Gum disease, also known as periodontal inflammation, is a condition in which the soft tissues and the bone surrounding teeth are damaged. According to the survey conducted by the Centers for Disease Control (CDC) about half of the US population suffers from some form of gum disease.
Despite being a common infection that affects humans worldwide, periodontal disease can be easily prevented – by knowing what causes it in the first place. This article provides an overview of the factors that result in the development of periodontal disease.
What Causes Periodontal Disease?
The most important factor that results in gum inflammation and periodontal disease is the dental plaque, a sticky film that forms on the surfaces of our teeth whenever we eat something. Normally, the plaque is removed from the teeth when we brush our teeth. However, when oral hygiene measures are ignored and the plaque remains untreated, it gradually hardens to become the calculus. Both calculus and plaque offer the perfect environment for the disease-causing bacteria to flourish and replicate.
The Initial Stage of Periodontal Disease
These harmful bacteria utilize the sugars in the dental plaque for their growth and in turn, release toxins that begin to damage the fibers that attach our gums to our teeth and jawbone. This situation – which is clinically evident as swollen, tender, or bleeding gums – marks the first stage of periodontal disease. At this stage, which is clinically known as gingivitis, the damage can be easily reversed with a professional cleaning and oral hygiene maintenance.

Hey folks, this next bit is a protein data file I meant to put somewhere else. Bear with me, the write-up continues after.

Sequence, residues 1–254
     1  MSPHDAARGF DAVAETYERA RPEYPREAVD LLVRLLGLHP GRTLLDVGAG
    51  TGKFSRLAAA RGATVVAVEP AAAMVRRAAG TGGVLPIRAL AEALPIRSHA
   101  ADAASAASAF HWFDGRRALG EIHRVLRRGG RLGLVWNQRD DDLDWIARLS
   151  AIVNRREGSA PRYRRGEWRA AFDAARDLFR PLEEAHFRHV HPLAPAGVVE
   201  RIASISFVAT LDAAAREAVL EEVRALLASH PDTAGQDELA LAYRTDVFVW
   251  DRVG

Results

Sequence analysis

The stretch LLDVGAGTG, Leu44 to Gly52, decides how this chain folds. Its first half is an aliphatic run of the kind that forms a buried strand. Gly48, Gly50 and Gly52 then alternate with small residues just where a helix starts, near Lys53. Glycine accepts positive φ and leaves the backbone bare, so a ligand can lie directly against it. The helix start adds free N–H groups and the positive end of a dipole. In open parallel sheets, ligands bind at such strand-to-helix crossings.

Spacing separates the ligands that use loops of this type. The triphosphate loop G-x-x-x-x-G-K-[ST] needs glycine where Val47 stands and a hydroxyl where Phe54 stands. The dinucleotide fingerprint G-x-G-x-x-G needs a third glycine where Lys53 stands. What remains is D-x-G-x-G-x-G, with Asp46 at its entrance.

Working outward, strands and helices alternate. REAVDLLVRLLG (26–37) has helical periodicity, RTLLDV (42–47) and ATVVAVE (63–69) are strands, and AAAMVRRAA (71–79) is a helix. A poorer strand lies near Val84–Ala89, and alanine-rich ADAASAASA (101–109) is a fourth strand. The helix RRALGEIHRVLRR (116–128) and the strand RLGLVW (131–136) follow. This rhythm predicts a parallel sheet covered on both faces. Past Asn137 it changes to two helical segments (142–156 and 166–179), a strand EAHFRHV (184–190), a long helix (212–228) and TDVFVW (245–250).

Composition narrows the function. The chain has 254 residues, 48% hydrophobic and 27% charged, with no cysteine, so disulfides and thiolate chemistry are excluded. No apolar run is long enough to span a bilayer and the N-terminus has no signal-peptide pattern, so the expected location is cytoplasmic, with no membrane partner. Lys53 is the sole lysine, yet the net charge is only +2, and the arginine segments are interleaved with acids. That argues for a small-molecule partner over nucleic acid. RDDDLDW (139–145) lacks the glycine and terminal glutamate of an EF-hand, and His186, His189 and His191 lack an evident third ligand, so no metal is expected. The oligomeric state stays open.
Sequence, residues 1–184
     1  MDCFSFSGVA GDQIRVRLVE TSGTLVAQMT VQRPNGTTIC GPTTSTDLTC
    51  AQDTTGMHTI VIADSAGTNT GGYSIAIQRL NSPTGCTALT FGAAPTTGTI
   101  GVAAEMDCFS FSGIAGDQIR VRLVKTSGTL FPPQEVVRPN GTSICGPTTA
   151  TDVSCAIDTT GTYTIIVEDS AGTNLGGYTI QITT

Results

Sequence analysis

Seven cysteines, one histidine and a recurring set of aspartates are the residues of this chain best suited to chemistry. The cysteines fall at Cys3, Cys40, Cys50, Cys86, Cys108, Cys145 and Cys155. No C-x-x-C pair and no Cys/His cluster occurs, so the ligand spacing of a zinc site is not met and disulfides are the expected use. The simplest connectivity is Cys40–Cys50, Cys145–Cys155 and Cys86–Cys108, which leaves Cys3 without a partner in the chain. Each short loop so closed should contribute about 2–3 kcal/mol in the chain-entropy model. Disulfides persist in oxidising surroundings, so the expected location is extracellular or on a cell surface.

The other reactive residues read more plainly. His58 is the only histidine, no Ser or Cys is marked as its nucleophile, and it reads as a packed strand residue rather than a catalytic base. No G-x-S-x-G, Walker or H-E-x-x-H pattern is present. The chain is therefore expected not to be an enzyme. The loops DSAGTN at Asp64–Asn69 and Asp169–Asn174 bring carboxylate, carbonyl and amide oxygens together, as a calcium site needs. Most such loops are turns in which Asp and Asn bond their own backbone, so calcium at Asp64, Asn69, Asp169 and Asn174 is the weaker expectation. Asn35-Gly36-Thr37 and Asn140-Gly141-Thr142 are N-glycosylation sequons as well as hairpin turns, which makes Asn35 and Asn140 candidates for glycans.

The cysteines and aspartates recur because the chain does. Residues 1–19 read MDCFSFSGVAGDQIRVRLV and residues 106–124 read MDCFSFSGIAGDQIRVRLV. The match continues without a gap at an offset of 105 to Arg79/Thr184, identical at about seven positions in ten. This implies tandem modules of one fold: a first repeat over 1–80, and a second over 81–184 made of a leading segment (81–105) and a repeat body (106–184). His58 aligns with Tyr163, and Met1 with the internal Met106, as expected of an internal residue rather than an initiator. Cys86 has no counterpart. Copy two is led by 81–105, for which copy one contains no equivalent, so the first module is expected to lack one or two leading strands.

Advanced Periodontal Disease
If gingivitis is not treated timely, it progresses into an advanced periodontal inflammation – where the inflammation spreads deeper into the structures surrounding the teeth. The toxins released from the harmful bacteria result in extensive destruction of the gums and the jawbone. As a result, the gums begin to recede, exposing the roots and making the teeth mobile in their sockets. Further delay in treatment may result in tooth loss and other complications.
What are the Risk Factors for Periodontal Disease?
There are certain risk factors that can increase the risk of developing periodontal disease:
- Poor oral hygiene
- Hereditary predisposition
- Hormonal changes; menstruation, menopause, or pregnancy
- Stress or anxiety
- Weak immune system
- Chronic underlying medical condition
Periodontal disease can cause serious damage to your oral health – and even your overall physical health – if it is not treated timely. The good news is that periodontal disease can be easily prevented; simply by maintaining optimal oral hygiene. If you observe any initial signs of periodontal inflammation such as swelling, redness, bleeding, you should visit your dentist right away for treatment. The sooner gum inflammation is diagnosed and treated, the higher are the chances of complete recovery.
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